Thursday, April 02, 2009

Fables from a Forgotten Place: Minerva & The Sea


A Sounding of Surf ~ © Eyvind Earle Publishing LLC

To the west of Somewhere there is a beached cove of fine yellow sand where strong blue waves break bright white upon the shore.
The path that leads from Somewhere to the beach is narrow, precipitous and littered with sharp rocky outcrops that threaten to scratch the unwary traveller. For this reason the beach is usually deserted.
For those prepared to take the risk, the path is not without reward: small, brightly coloured plants cling to the rocks; salamanders bask on the sharp outcrops and dragonflies patrol the salt-scented air.
The beach itself is hemmed in by beautiful ferrous red-orange cliffs, eroded by the almost constant wind into the faces of giants – sentinels of rust that gaze out at the pale horizon.

Minerva ventured the path daily, wrapped in a red kimono she would remove her shoes at the end of the path and stand on the beach. The wind would blow her dark hair into extended curlicue, and she would watch the majestic swells heave themselves onto the shore.
Minerva grew to love these waves; they rose and fell with her breathing; she felt they knew her deepest feelings, feelings that did not require words to give them meaning, feelings that had no meaning beyond the experience of living; it was here that she felt most alive.

The citizens of Somewhere would return her waved greeting as she passed them by on her way to the beach, then at her back they would whisper:
“Crazy lady of the sea”
“Whacky Wave Watcher dot com”
“Do you know that she doesn’t own a TV?” (The citizens of Somewhere were avid watchers of television, and held a special obsession for programs about nature and the natural world)
Minerva didn’t care what people thought (or said behind her back) since, while she enjoyed the company of people, she was most happy with her own thoughts; her own company – and besides, she felt that the waves were her true friends; it was they who filled her days (and often her nights) with all the anticipation she needed from life.

The whispering (and nature-loving) citizens of Somewhere were unaware of just how deep Minerva’s feelings went: for she had given the waves names.

Of course Minerva had only discovered what the giant faces had long since observed from their elevated positions on the cliff: the waves that enter the cove do so in a set pattern of complex rhythm endlessly repeated with only small variations in frequency and amplitude.
The first wave, (by Minerva’s observation) she named Hedra. It comes in small, feminine and fast, all foam and spray on the wind.
Hedra’s hasty retreat causes Chao, the second wave, to curl over into a roaring tube that, collapsing, stirs up the sand into yellow clouds.
After a short pause Morphia will slide up the beach, losing no energy to spray, but whispering through his foamy launch.
The Gemini twins follow in quick succession, lean and neat they hit the beach in a double drum beat to be followed by long cymbal hisses.
Last in the set comes Perseus, Minerva’s favourite. Slow moving when he enters the cove; a sine of contained power, his approach causes the waterline to recede until, with a small head of foam he skis down his own leading slope to slide sighing up the yellow sand, rattling pebbles and chasing crabs before his swooping rush.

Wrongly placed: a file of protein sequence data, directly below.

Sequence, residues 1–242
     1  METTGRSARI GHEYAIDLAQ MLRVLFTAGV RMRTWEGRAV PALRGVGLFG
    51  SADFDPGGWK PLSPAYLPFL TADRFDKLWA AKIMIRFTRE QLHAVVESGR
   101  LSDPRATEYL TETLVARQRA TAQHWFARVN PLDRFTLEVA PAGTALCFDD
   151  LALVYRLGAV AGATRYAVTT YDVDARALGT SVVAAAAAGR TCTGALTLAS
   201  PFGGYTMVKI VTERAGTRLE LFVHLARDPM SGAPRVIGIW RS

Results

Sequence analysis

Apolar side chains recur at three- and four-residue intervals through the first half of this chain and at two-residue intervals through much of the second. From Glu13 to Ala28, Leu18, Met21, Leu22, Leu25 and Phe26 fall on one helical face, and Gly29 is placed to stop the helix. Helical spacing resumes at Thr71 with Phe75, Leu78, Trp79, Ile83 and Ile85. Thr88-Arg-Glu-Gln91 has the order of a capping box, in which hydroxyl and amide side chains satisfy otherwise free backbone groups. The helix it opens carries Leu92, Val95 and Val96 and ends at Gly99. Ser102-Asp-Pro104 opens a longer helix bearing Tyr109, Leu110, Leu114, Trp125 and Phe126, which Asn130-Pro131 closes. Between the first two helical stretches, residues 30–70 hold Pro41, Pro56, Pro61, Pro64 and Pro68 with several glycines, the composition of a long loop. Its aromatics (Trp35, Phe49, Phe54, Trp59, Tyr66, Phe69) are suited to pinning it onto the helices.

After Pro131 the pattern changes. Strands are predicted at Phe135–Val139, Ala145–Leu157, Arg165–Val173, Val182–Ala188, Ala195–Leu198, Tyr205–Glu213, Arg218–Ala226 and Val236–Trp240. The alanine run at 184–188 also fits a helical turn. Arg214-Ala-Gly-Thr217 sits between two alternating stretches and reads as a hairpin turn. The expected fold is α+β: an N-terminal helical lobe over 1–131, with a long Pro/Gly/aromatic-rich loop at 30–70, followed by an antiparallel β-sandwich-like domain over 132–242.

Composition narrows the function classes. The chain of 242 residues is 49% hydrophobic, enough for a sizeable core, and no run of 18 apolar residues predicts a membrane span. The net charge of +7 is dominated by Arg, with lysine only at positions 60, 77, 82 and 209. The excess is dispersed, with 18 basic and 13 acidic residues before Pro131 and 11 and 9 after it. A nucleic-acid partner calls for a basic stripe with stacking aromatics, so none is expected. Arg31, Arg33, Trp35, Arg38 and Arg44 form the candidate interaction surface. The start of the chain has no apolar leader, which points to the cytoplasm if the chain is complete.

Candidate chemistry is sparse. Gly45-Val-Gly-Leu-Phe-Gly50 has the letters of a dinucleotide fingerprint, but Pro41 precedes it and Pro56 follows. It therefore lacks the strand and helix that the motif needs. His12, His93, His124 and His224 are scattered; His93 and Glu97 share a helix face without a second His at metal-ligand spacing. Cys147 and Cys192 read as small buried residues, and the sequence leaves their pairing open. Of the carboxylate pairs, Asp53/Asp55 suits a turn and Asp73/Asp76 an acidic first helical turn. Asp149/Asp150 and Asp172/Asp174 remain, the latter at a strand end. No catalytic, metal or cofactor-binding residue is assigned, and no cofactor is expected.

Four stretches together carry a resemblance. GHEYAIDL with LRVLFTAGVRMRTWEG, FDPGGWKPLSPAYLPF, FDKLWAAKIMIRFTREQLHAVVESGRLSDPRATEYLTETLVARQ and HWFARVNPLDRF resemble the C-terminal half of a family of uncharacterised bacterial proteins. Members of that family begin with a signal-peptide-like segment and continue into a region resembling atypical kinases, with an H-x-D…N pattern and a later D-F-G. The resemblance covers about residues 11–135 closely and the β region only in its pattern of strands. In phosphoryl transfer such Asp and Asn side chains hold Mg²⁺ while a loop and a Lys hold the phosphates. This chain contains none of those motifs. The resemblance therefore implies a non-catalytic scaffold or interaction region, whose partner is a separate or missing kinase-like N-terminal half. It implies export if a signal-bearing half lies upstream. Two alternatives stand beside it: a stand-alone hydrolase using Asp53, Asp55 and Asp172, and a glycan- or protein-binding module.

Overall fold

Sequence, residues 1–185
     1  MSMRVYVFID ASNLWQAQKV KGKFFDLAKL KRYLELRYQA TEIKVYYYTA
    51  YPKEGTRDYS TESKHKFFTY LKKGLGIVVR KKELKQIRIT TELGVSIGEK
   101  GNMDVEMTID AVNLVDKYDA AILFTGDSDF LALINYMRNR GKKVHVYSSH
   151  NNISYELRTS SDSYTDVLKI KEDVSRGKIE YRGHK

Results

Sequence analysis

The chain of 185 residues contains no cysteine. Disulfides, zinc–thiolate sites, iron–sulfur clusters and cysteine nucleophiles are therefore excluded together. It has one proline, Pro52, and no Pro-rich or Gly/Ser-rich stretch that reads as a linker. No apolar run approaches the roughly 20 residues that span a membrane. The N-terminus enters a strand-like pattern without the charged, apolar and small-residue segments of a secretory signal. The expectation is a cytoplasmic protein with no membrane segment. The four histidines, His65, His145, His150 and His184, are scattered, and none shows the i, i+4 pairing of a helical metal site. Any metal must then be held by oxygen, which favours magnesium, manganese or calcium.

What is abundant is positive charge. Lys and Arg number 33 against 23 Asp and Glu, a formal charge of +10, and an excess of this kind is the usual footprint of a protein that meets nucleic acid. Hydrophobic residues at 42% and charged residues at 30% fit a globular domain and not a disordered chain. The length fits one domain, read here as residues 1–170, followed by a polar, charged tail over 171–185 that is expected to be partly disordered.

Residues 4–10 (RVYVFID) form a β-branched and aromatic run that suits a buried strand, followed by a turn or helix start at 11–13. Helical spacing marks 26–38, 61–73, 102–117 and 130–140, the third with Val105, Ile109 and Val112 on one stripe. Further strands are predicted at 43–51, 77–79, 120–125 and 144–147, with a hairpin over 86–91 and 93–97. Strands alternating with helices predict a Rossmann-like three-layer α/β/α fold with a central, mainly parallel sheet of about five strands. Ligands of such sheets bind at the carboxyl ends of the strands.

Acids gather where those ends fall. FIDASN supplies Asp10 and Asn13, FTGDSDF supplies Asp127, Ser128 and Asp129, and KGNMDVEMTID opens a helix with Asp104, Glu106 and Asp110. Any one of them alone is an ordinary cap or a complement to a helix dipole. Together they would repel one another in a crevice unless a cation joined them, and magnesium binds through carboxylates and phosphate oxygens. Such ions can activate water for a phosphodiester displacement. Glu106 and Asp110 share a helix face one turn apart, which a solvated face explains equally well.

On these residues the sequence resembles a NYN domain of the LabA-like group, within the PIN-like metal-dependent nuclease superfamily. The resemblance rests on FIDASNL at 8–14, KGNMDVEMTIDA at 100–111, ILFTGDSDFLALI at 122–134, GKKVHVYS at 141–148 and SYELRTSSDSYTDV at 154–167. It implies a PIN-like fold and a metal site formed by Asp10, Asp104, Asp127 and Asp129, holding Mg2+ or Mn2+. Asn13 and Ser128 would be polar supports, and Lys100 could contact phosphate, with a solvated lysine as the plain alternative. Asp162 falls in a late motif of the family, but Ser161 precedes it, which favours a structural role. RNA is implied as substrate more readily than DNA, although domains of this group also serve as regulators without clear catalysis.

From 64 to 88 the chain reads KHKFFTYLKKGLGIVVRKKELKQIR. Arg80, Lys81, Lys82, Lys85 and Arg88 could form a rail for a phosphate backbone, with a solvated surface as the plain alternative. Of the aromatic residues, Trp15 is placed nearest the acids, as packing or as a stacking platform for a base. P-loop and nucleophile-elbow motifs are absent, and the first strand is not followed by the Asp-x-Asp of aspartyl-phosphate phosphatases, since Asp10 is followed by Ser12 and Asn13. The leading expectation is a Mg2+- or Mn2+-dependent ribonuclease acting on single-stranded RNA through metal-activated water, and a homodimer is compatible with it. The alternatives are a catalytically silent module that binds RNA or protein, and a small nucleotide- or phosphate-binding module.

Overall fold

Minerva spent hours standing while the waves took their turns at her ankles, standing still for so long that she became visible to the rust giants who, in the time frame of erosion, live a slower (but longer) life than all of fleeting humanity.
“Better a heart of stone” is their wind-echo refrain lost in the sound of the surf.

It is common for those lost (or found) in the land of giants to find themselves drawn to grand gestures – a sort of necessary freedom from the world of small things, small ideas and small minds – a requirement for the attention of the giants - and what gesture can be grander than one made for love?
Minerva stood for love like the pillar of a dial that stands still for the sun to turn about - spending time; like a star that crosses the desert sky visible for only one wish; like the sea that calls to the lone figure on its shore.

And just when she knew who it was she had come to be; her warm body, her flesh and her hair with no watchers but the giants and the sea; she removed her red kimono in the yellow of the sunset, threw it up for the wind to consume, and as the giants looked on, unconcerned, she lay down on the wet sand exposed by the receding water to await Perseus’ embrace.

5 comments:

Yodood said...

If Minerva had been a surfer she might have named nine waves. I guess it appears different when you are riding them. Beautiful fable.

Pisces Iscariot said...

Dood: perhaps I should have done a bit of research on that first - I have just read that the largest wave will be in the middle of the set with the smallest first and last [ho hum] :)

Candie Bracci said...

The best story I ever read.
It speaks to me you know the sea and the rest...

Hope you're not going to answer me something like it's just a tale ect..with sarcasms it would be like saying that Santa's don't exists to a little girl.I stay with that beautiful picture in my head now on my way to bed and nothing else matters.
Good night
:)

Pisces Iscariot said...

Candie: I am happy that you like my story - In future I will try not to shatter too many illusions :)

Candie Bracci said...

LOL :D